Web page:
The Canal Winchester Downtown Zoning Commission is hoping its work over the past couple of months will help clear up some ambiguity in the approval process for projects in the village's downtown.

The Canal Winchester Downtown Zoning Commission is hoping its work over the past couple of months will help clear up some ambiguity in the approval process for projects in the village's downtown.

Zoning officer Andrew Dutton said the group has four goals: to rezone property into downtown residential or commercial designations; to redraw the map defining the historic and preservation areas; to update the approval process for the planning commission and landmarks commission; and to update guidelines for both of those groups.

Dutton said the group met for the first time in July. Members hope to have their work finished in time to present to city council's Nov. 29 committee of the whole meeting.

The work of the downtown zoning commission has to be approved by council because it would change the parameters of the historic and preservation districts as well as the guidelines for the planning and landmarks commissions, Dutton said.

"There have always been a lot of questions when we go through the approval process," he said.

He said applicants must go through the historic district or the preservation district and the planning commission in order to get a project approved. In addition, he said, there may be questions about whether preservation district or historic district guidelines should be applied to commercial and residential properties.

"No one really knows what the exact process is you have to go through," Dutton said.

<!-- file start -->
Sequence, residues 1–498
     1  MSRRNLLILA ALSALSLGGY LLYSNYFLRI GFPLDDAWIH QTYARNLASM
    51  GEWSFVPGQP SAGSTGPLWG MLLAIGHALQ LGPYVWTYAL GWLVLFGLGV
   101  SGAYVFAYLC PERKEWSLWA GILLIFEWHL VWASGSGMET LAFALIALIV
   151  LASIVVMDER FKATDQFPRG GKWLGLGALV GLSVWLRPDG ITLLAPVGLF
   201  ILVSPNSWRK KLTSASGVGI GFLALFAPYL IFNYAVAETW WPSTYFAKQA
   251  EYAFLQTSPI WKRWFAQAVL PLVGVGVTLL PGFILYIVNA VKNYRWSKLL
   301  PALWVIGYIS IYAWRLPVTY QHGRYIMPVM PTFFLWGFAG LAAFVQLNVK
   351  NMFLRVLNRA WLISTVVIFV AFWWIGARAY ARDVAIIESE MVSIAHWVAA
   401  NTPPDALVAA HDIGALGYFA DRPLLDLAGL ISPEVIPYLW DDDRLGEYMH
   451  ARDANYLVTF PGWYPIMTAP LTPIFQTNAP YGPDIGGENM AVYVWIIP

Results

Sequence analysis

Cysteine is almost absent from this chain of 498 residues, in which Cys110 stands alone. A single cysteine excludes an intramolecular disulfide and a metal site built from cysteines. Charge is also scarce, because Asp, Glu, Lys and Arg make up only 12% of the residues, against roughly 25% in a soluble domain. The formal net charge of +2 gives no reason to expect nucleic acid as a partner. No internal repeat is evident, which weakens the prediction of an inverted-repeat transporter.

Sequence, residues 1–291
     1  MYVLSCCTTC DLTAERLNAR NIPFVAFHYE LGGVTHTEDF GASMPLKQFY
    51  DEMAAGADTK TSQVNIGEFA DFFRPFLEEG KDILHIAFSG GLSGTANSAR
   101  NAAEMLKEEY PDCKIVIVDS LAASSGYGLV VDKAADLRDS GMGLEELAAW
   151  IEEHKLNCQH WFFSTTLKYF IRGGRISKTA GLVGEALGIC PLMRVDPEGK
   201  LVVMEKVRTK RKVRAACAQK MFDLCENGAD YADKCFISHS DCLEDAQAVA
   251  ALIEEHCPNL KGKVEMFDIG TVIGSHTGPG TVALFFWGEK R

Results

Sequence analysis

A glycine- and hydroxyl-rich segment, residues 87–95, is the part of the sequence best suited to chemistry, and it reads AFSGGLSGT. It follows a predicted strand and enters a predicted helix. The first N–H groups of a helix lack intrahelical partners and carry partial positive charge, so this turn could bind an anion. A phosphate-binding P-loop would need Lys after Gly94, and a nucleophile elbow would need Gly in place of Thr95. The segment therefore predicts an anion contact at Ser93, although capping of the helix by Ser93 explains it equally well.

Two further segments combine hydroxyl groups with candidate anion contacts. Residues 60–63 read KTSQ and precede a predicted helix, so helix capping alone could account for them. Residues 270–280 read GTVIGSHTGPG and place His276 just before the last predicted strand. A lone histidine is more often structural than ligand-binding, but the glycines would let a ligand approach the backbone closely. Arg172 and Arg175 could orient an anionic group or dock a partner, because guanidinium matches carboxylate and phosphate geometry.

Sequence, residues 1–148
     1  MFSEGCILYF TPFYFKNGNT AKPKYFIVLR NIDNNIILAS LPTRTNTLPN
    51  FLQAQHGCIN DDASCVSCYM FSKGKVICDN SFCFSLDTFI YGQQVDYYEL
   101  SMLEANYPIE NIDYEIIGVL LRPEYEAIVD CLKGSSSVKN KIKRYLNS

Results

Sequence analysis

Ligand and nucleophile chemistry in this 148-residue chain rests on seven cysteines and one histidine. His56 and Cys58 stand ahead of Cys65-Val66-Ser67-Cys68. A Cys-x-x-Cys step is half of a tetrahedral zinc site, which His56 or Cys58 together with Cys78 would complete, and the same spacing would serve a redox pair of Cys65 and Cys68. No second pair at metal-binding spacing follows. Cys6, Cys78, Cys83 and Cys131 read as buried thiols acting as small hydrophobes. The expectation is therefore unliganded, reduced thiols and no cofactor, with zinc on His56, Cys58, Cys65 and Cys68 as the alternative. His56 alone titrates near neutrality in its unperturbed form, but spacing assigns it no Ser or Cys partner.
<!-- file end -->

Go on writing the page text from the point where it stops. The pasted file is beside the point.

Main Street Canal Winchester director Bruce Jarvis, a member of the downtown zoning commission, said its members want to make sure the zoning code is applied evenly throughout the village and that the code takes into account the unique characteristics of downtown, including parking and signage.

Right now, downtown projects usually have to get a variance because the standards aren't geared toward downtown.

"It has been problematic over the years," Jarvis said.

The group plans to recommend a separate downtown zoning category to council, Jarvis said something he said is already available in other central Ohio villages and cities.

"This area is a little different than anywhere else," he said. "You cannot apply the same commercial zoning standards or one size fits all to the downtown area."

Dutton said the underlying zoning for downtown is general commercial and low-density residential that were really created for subdivisions or traditional neighborhoods.

The goal of the downtown zoning commission is to create a zoning code that accommodates smaller lot sizes and setbacks in the downtown and to decrease the number of variances that have to be granted, Dutton said.

He said the downtown zoning commission also hopes to clarify what commission is in charge of which approvals for the downtown area. Village code currently says if there is a major exterior modification to a building, the application goes to the planning and zoning commission. But what is classified as a major modification is up to the discretion of the village staff, he said.

Once the downtown zoning commission has concluded its work, the staff won't have to guess which applications to send to the planning and zoning commission, he said.

The revised standards should also help clarify whether a property is located in the preservation district or historic district. Dutton said the group is looking at preservation guidelines and how they should be applied to downtown properties. The downtown zoning commission studied maps of the historic and preservation districts to determine if any modifications need to be made, he said.

It also has looked at properties in the preservation area to see if they should be rezoned as downtown residential, commercial or general commercial district, Dutton said.

"We are hoping that it makes geographic sense," he said.

The landmarks commission, Main Street Canal Winchester, the planning and zoning commission and the Old Town committee are represented on the downtown planning commission. Other members include a downtown property owner, a business owner and a resident, a city staff member and Mayor Michael Ebert.